Stories of Arda Home Page
About Us News Resources Login Become a member Help Search

Reflections from the Paradise of Elves  by Bodkin

The Paradise of Elves – Part 78: Standing In

Legolas sat in the window seat, turned so that the light shone on his face, his attention focused on the stack of documents before him, scanning each one carefully and scratching comments on a small tablet before placing it one of several smaller piles.

‘You would think,’ a voice observed, ‘that his tutors would have managed to teach him to work without getting ink all over his face.’

‘Erestor never permitted us to suck on our pens,’ a very similar voice agreed.  ‘And he insisted that working at a desk was much more efficient.’

‘If Erestor wishes to transfer his loyalties and come here to us, I will happily provide him with a desk,’ Legolas said absently.  ‘And as many pens as he likes.’

‘No poaching!’ Elladan insisted.  ‘You do your own paperwork.’

Legolas looked up at the twins and grinned.  ‘As if Erestor would agree to leave your adar,’ he said mildly.  ‘What are you two doing here?’

‘We have run away from home,’ Elrohir declared straight-faced, ‘and come to seek refuge in Taurevron.’

‘I am not sure that I can permit that.’  Legolas shook his head.  ‘What skills, after all, do you have that you could put to our service?  We have no need of court jesters – and orc-slaying is quite out of fashion!’

‘Alas, my brother,’ Elladan put a slender hand to his heart, ‘we are given so little credit for our multifarious talents – perhaps we will simply have to return home where we are appreciated.’

‘But not until we have delivered the formal letters and gifts,’ Elrohir said.  ‘Did we forget to mention that we are considered excellent messengers?’

‘Not for you!’ Elladan scolded as Legolas extended his hand.  ‘We are to perform in a princely manner and place them only in the right hands.’

‘I suppose in that case you might wish to bathe – and have your robes pressed – before you present yourselves,’ Legolas suggested.  Arranging his river-smoothed pebble paperweights to hold his documents in place, he rose.  ‘I was not aware that you had yet had time to return home.’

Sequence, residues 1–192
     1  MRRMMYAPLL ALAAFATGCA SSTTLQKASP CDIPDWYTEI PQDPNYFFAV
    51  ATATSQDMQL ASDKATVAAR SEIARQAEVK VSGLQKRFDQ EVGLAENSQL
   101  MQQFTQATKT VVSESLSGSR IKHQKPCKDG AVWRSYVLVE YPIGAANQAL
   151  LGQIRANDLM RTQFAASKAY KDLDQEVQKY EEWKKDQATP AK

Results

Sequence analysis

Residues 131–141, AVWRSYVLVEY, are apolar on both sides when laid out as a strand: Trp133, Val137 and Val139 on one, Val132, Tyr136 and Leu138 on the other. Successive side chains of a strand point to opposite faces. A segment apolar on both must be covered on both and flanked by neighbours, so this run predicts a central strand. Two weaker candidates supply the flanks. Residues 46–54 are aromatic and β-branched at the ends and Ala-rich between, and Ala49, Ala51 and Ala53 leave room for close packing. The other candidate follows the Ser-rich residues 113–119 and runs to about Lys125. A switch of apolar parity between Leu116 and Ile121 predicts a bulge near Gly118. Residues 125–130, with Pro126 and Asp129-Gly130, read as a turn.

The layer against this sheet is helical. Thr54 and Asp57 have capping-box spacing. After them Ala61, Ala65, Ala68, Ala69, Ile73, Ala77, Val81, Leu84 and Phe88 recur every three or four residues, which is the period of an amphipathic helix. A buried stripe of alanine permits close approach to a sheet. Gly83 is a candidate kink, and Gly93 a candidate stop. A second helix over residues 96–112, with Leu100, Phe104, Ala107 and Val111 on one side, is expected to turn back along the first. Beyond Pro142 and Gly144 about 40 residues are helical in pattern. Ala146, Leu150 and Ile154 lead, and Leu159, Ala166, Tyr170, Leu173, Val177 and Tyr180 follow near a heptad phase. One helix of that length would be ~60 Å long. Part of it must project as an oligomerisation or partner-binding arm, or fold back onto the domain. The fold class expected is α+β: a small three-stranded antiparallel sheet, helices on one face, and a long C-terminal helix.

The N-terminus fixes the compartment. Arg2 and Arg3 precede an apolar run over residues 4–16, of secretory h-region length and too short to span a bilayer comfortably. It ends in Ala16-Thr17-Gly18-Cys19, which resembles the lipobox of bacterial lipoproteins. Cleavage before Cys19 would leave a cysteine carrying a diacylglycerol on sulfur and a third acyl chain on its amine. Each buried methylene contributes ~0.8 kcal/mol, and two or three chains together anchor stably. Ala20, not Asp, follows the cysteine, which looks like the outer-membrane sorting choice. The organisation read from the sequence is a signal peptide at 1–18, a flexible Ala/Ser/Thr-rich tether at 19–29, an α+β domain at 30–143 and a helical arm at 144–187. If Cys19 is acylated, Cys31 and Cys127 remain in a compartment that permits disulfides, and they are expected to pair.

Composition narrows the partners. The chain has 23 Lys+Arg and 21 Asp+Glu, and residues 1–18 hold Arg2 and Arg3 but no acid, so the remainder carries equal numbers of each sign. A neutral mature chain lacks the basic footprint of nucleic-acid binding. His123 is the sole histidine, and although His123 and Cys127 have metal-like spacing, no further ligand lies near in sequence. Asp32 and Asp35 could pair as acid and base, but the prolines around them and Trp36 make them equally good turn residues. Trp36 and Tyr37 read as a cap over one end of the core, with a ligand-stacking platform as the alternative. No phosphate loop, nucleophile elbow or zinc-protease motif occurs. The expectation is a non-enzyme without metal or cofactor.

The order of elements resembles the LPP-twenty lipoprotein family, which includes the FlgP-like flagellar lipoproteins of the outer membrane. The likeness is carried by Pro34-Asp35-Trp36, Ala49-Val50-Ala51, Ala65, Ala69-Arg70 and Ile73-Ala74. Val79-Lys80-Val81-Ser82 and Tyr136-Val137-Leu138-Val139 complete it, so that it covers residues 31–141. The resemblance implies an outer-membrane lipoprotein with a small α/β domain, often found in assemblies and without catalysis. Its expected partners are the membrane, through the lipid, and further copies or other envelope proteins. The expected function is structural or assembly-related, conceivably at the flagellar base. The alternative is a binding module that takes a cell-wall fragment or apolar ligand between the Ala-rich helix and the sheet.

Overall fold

‘When the High King requests, it is difficult to say, ‘But. . .’ and get away with it.’  Elrohir shrugged and turned to follow their friend to the rooms they customarily occupied when visiting.

‘And he knows it,’ his brother added.  ‘I think he was quite pleased with himself – he sent us here as his representatives rather than Adar’s or Daeradar’s – and managed to use the cry of ‘family’ to have us comply.’

‘There are times when it is useful to be related to everybody,’ Legolas observed, ‘and doubtless times when it is somewhat of a handicap.  I can imagine that this is a time when it is both at the same time.’

Elrohir grinned ruefully.  ‘I think Andaeradar thought he was exceptionally fortunate to be able to send us to greet your daeradar – great-grandsons who are also in Elwë’s direct line!  And he is certainly wise enough to seize any advantage offered.’

Legolas looked from one to the other.  They were clearly too pleased with themselves to have allowed Finarfin to play them that easily.  ‘And?’ he asked.

‘We rode hard,’ Elladan said, ‘and took the southern path – so that we arrived as quickly as we could – as instructed.’

‘But on a rather roundabout route.’  Elrohir raised an eyebrow.  ‘With word from Adar – and Celeborn – as well as Finarfin.’

‘Underestimated.’ Elladan shook his head.  ‘We always have been, my friend.’  He sighed with mock disappointment.  ‘I know not what it is – but all our elders seem to look on us as frivolous.’

‘And you have worked so hard to rid yourselves of that reputation,’ Legolas mourned with him.  ‘I fail to see how they can be so deluded.’

‘Less of that, Thranduilion,’ Elrohir protested.  He unstrapped his pack and withdrew his robes with a flourish.  Silver-grey shimmered, sliding over his hands in creaseless folds.  

Elladan clearly smirked as he shook out his own robes of deep blue.

‘And which of you dresses to represent the High King of the Noldor?’ Legolas enquired.  ‘You are here as Elrond’s heir – and Elrohir as Celeborn’s representative: that is obvious.  But what of Finarfin?’

‘It was undeniably difficult,’ Elrohir acknowledged.  ‘Three into two just will not go – but Glorfindel came up with the perfect solution.’

‘Are you going to make me ask?’ Legolas leaned on the door frame and looked quizzically at his friends.

‘We could make you wait and see,’ Elladan teased.

‘Except,’ Legolas pointed out, ‘that I am not hard of hearing – and I suspect your solution is currently conversing with my daughter.’

Elrohir laughed.  ‘Very well,’ he agreed.  ‘Glorfindel suggested that Elrin could represent his andaernaneth’s adar – and that his presence would smooth a range of difficulties, as well as making it perfectly clear that, while we are happy to be of assistance to Finarfin, we will not be used.’  He grinned.  ‘Although I rather hope he has time to get over his irritation before we see him again!’

<< Back

Next >>

Leave Review
Home     Search     Chapter List